The Well-Tempered Clavier, Book II

Peter Hill

Delphian Records


  • Peter Hill is the latest to join the parade of pianists – Edwin Fischer, Glenn Gould, Angela Hewitt, Sviatoslav Richter, András Schiff and Rosalyn Tureck, to name just a few – who have recorded JS Bach’s The Well-Tempered Clavier. In addition to his explorations of the second Viennese School, Hill is best known for his monumental cycle of the complete piano works of Olivier Messiaen. Indeed, many of the qualities that characterise his Messiaen are present here: note his use of varied pianistic colours – here muted, there radiant, sonorous then shimmering. And, as in his recordings of Schoenberg, Berg and Webern, Hill unfolds contrapuntal lines with clarity, displaying an eloquent understanding of the music’s underlying structure. BBC Music Magazine
  • Peter Hill’s eminence as a Messiaen scholar and as an outstanding interpreter of his music has tended to overshadow his qualities in a much wider range of repertoire. But JS Bach is also a special interest of Hill’s, and this account of the less often performed half of the 48 Preludes and fugues underlines what a fine pianist he is. Every performance here is quite audibly the product of careful consideration … Yet there is nothing didactic about the results, just a wonderfully natural unfolding of these pieces, in which Hill is never ashamed to make full use of the tonal resources of the modern piano. The crystalline quality of his quiet playing is a regular pleasure. With luck this will be the first in a series of Bach recordings from Hill. Guardian

  • Hill’s approach is to capture the engaging balance between the crisp clarity of the music and its innate lyrical soul. He makes no apologies for the expressive potential of the piano, but simply uses that to harness the universality of the music, from its pre-echoes of early classicism to sparks of undeniable romantic mood-painting. Never once, though, does it sell out Bach’s stylistic integrity. The Scotsman
  • [Peter Hill] gives exceptional readings, scholarly yet living, the intricate intellectualism well attend to, but there is also a vital communication that makes this music so relevant today. For all the compositional rigour, Hill makes these Preludes and Fugues sing and dance, and also brings out their unshakable foundations of faith. Hi-Fi Critic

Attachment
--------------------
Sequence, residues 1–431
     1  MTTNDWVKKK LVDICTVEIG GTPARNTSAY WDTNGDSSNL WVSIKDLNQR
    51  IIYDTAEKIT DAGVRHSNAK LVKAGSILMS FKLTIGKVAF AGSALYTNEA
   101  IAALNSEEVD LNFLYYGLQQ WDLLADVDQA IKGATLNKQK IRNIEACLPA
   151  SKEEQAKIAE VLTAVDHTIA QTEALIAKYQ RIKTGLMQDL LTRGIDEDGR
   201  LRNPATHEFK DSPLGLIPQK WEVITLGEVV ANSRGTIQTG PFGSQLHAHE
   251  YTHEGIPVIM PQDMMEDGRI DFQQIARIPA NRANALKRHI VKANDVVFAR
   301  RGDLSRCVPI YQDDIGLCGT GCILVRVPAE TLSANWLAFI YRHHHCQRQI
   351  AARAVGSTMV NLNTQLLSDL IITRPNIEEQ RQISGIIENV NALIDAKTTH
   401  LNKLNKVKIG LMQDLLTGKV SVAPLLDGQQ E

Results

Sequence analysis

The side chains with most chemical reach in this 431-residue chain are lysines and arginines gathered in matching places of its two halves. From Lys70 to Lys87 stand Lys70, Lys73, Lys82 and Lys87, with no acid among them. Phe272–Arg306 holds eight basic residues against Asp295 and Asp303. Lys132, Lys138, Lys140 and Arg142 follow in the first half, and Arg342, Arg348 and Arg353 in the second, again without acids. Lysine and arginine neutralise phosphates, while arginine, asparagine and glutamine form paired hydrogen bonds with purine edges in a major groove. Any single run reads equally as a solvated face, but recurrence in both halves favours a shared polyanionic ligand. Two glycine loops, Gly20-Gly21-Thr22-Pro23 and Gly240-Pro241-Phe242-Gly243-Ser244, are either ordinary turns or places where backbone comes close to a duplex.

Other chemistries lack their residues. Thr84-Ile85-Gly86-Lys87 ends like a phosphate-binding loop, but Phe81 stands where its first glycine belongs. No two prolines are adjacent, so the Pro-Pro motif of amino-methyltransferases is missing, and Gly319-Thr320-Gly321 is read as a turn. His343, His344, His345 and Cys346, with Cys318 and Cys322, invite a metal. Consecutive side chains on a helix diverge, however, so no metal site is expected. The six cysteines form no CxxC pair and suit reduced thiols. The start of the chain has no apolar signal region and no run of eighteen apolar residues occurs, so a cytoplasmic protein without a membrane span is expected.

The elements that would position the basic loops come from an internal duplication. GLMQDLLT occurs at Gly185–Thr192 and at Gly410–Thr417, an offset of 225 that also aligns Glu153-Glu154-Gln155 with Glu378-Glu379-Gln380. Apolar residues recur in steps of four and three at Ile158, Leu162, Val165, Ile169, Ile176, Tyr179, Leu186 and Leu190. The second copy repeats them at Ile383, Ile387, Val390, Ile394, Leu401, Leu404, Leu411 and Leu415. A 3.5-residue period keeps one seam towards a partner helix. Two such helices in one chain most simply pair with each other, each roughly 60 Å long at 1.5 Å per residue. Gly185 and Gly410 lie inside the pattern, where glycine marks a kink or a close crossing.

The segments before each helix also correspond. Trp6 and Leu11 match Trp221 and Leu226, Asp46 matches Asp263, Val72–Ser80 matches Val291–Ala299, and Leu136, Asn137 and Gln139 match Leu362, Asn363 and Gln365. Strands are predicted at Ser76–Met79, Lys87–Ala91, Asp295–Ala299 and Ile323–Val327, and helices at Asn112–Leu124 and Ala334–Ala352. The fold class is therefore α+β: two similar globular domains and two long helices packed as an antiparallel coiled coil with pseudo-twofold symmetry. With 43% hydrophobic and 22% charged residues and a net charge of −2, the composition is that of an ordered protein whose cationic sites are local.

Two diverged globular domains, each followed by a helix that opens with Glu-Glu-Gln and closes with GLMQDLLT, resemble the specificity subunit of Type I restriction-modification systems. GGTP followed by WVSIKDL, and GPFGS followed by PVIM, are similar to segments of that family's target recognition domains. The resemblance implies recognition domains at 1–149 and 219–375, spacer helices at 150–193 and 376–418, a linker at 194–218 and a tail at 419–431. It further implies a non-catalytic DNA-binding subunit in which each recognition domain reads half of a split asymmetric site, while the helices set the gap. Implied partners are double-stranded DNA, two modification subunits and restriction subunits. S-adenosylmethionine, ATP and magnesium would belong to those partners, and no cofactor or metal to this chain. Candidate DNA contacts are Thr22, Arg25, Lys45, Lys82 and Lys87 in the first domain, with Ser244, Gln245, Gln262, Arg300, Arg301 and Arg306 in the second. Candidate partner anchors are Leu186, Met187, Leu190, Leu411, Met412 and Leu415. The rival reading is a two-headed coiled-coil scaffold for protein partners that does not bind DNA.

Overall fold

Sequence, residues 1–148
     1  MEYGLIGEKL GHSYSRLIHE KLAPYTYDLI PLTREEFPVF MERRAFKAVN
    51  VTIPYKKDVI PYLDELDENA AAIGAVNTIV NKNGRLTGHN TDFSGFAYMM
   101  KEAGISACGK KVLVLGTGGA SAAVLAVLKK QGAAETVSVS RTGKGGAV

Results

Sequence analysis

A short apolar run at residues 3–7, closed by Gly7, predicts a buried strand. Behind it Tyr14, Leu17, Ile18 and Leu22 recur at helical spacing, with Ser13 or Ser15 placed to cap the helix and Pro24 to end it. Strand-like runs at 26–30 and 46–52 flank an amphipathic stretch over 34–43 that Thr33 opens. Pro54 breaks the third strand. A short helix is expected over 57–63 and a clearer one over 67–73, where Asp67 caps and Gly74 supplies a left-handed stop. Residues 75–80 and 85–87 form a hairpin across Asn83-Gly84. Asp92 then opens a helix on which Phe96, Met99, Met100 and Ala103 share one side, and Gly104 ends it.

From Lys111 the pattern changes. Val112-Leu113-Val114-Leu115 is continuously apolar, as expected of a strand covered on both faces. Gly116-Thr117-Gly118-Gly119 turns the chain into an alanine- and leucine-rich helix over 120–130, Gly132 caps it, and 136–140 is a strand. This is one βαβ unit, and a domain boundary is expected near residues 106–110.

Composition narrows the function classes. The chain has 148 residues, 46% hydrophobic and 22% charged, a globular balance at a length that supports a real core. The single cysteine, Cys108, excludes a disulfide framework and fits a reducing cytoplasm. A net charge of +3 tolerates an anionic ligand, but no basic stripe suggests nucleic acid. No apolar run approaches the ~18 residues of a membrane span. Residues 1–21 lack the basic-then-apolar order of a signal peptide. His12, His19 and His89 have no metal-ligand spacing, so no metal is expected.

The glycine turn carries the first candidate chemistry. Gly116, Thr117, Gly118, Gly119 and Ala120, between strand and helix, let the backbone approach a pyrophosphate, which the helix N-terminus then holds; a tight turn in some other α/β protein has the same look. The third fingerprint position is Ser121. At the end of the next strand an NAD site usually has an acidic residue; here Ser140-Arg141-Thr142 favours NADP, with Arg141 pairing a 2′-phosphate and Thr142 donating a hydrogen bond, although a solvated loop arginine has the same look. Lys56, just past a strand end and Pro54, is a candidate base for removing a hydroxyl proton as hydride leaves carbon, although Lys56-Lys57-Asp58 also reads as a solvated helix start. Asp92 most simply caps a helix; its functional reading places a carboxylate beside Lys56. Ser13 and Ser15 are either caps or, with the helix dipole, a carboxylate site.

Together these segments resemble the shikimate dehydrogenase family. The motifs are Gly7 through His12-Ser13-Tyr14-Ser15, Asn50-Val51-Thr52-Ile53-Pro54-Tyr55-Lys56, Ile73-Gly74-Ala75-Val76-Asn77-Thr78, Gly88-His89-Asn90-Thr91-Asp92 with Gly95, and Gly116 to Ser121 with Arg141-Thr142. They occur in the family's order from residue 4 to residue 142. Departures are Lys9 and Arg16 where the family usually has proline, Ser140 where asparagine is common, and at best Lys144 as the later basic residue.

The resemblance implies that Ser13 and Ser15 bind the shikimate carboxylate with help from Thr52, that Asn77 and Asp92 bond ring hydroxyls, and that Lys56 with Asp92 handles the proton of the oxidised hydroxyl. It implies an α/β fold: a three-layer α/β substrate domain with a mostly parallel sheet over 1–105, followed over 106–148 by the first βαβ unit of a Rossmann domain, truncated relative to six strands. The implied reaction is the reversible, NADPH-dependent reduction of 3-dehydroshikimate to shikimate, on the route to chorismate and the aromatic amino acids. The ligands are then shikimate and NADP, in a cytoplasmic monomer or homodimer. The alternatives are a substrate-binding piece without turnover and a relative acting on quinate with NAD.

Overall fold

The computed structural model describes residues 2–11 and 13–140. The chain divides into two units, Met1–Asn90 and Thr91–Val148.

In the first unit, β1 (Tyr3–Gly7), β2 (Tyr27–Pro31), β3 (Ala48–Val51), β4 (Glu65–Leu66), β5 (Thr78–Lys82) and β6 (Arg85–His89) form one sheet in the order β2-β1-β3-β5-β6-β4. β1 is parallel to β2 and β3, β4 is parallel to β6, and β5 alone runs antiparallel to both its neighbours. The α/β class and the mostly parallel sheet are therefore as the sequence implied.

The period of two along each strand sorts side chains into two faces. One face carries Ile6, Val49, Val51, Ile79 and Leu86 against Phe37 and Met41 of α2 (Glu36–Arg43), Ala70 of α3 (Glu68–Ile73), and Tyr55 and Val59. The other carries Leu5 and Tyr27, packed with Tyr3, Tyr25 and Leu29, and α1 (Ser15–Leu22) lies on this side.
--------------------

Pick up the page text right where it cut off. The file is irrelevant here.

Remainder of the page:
• Peter Hill makes an engaging, penetrating, thoughtful and entertaining guide to Bach’s flights of fancy and rigorous counterpoint. His touch, and the clarity of his fingerwork, is impeccable; he doesn’t over-ornament; he doesn’t rush the preludes, he weights the voices and balances the fugues with insight. And even though Hill’s playing is suffused with the meditative and spiritual qualities you’d hope to find, he still remembers that Bach likes the odd dance. BBC Radio 3: CD Review

Track listing

  • CD 1
  • 1–2 Prelude & Fugue I in C major
  • 3–4 Prelude & Fugue II in C minor
  • 5–6 Prelude & Fugue III in C sharp major
  • 7–8 Prelude & Fugue IV in C sharp minor
  • 9–10 Prelude & Fugue V in D major
  • 11–12 Prelude & Fugue VI in D minor
  • 13–14 Prelude & Fugue VII in E flat major
  • 15–16 Prelude & Fugue VIII in D sharp minor
  • 17–18 Prelude & Fugue IX in E major
  • 19–20 Prelude & Fugue X in E minor
  • 21–22 Prelude & Fugue XI in F major
  • 23–24 Prelude & Fugue XII in F minor
  • CD 2
  • 1–2 Prelude & Fugue XIII in F sharp major
  • 3–4 Prelude & Fugue XIV in F sharp minor
  • 5–6 Prelude & Fugue XV in G major
  • 7–8 Prelude & Fugue XVI in G minor
  • 9–10 Prelude & Fugue XVII in A flat major
  • 11–12 Prelude & Fugue XVIII in G sharp minor
  • 13–14 Prelude & Fugue XIX in A major
  • 15–16 Prelude & Fugue XX in A minor
  • 17–18 Prelude & Fugue XXI in B flat major
  • 19–20 Prelude & Fugue XXII in B flat minor
  • 21–22 Prelude & Fugue XXIII in B major
  • 23–24 Prelude & Fugue XXIV in B minor
  • Total playing time [2 CDs] [2:38:10]